We may have new reason to spice it up when preparing foods. According to some new research, adding a little heat to recipes not only kicks our food up a notch but it can also boost health. A new study published in the BMJ suggests consuming spicy foods regularly lowers risk of death.
The Washington Post reports about the new evidence linking spicy foods to health benefits and how we can get the most out of our chili peppers. The current study is based on data from the dietary habits of almost 500,000 in China over a period of more than 7 years.
The study’s findings seem especially compelling since scientists looked at such a large group and studied diets from a culture known for its spicy dishes. The study found that both men and women who ate spicy foods between 3 and 7 times a week had a 14% lower chance of death over the 7 year period. And those who ate spicy foods 1 – 2 times a week had a 10% lower risk of death than people who rarely or never ate this type of food.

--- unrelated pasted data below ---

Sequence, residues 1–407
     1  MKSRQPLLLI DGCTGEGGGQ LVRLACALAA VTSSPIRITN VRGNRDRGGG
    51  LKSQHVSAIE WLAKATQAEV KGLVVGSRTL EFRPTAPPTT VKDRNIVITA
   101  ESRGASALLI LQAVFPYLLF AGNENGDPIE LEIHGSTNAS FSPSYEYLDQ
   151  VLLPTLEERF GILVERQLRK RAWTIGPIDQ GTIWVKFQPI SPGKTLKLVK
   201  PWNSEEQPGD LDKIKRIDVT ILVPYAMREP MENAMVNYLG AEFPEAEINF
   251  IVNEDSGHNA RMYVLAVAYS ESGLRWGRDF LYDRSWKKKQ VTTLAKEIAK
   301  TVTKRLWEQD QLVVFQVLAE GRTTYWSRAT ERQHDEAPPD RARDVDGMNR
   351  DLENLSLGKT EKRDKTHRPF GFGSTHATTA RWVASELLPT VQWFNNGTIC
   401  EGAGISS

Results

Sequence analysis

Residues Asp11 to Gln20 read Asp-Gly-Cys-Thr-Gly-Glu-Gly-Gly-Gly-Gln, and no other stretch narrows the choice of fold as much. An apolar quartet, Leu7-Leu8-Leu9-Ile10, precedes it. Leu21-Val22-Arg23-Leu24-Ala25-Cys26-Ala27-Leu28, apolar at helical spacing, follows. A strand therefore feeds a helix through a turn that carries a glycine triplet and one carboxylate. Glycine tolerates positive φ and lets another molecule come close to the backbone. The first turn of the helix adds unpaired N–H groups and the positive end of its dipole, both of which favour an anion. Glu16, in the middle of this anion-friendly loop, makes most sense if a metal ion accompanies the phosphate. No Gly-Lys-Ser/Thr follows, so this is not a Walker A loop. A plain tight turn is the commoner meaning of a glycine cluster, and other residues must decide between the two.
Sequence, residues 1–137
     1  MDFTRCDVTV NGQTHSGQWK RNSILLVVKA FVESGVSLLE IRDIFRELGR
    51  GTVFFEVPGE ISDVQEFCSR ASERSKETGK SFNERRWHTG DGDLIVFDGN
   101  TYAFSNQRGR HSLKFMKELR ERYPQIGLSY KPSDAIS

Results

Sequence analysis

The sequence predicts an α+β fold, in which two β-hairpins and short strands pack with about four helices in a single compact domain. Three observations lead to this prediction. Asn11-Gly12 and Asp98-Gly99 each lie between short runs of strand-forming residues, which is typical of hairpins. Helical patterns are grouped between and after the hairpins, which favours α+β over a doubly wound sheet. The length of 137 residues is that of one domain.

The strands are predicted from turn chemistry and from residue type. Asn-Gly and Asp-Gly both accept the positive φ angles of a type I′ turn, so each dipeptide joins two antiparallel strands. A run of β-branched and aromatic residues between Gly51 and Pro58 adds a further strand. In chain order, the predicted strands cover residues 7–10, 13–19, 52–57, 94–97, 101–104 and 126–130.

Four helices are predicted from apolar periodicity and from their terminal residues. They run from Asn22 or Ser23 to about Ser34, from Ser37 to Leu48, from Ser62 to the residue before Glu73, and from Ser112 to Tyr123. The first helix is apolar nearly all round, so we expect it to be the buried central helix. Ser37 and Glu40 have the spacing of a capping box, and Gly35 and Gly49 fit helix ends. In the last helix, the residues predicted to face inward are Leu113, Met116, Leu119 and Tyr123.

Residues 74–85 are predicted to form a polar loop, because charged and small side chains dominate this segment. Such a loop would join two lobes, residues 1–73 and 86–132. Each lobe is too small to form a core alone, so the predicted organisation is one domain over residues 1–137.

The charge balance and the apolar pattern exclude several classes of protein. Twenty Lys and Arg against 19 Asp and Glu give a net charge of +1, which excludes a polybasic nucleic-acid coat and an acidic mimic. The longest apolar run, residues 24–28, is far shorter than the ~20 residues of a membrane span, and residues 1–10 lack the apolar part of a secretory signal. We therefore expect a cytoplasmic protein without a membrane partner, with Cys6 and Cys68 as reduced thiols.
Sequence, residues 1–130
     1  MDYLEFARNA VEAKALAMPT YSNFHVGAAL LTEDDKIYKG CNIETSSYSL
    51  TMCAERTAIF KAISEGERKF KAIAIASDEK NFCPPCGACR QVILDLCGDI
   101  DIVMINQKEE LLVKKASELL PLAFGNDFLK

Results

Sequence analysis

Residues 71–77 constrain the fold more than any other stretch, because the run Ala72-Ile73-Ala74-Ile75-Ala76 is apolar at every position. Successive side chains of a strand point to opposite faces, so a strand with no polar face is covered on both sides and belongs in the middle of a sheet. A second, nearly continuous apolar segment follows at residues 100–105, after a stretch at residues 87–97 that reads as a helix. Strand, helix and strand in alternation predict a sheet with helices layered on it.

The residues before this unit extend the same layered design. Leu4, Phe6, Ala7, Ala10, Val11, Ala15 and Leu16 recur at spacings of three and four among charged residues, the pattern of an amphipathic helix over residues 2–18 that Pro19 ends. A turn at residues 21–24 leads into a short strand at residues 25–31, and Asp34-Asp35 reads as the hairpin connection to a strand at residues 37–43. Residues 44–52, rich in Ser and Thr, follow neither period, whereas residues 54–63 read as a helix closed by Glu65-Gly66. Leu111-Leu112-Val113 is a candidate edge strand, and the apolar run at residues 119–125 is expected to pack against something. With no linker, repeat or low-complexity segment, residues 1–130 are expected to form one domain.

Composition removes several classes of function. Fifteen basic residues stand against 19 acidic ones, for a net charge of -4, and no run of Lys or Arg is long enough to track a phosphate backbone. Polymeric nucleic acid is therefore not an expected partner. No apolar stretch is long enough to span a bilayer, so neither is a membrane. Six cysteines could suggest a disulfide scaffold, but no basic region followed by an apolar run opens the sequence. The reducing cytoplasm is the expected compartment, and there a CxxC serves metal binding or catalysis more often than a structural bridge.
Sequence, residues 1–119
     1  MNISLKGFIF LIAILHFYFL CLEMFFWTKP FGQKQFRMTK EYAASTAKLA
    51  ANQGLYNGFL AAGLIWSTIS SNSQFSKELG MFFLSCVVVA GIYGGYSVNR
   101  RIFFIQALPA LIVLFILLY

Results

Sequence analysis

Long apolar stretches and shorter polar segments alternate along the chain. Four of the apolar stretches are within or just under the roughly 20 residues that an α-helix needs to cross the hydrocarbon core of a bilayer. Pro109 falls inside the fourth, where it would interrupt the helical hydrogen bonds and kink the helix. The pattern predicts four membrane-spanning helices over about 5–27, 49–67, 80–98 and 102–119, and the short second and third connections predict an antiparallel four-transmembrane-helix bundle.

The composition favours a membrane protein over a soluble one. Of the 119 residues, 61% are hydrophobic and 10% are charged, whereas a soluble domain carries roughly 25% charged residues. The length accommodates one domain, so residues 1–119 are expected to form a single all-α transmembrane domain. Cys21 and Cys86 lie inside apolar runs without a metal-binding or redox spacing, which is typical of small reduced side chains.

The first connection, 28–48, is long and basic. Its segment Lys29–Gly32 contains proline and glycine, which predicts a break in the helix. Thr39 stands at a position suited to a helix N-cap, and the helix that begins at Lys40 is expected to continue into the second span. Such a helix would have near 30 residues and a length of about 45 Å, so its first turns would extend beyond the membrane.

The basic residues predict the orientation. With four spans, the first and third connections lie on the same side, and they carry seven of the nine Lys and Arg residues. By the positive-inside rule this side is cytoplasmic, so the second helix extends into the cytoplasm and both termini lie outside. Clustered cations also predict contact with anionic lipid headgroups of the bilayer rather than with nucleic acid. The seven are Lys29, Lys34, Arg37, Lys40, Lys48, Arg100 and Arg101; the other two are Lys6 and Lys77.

Spicy food lovers were also less likely to acquire specific diseases like ischaemic heart and respiratory system diseases and cancer. And as far as what types of spices benefit health the most, it seems the fresher the better. Researchers say that those who consume fresh chili pepper in recipes rather than dried chili, sauce or oil had less of a chance of contracting these types of diseases.
Scientists believe that the molecule responsible for giving us that hot sensation in the mouth called capsaicin may play a big role in the health benefits of spicy foods. Authors of the study explain, “The beneficial roles of capsaicin have been extensively reported in relation to anti-obesity, antioxidant, anti-inflammatory, anti-cancer, and anti-hypertensive effects.”
What do you think of the recent study suggesting spicy foods are linked to a lower risk of death?
Do you enjoy cooking and consuming spicy foods?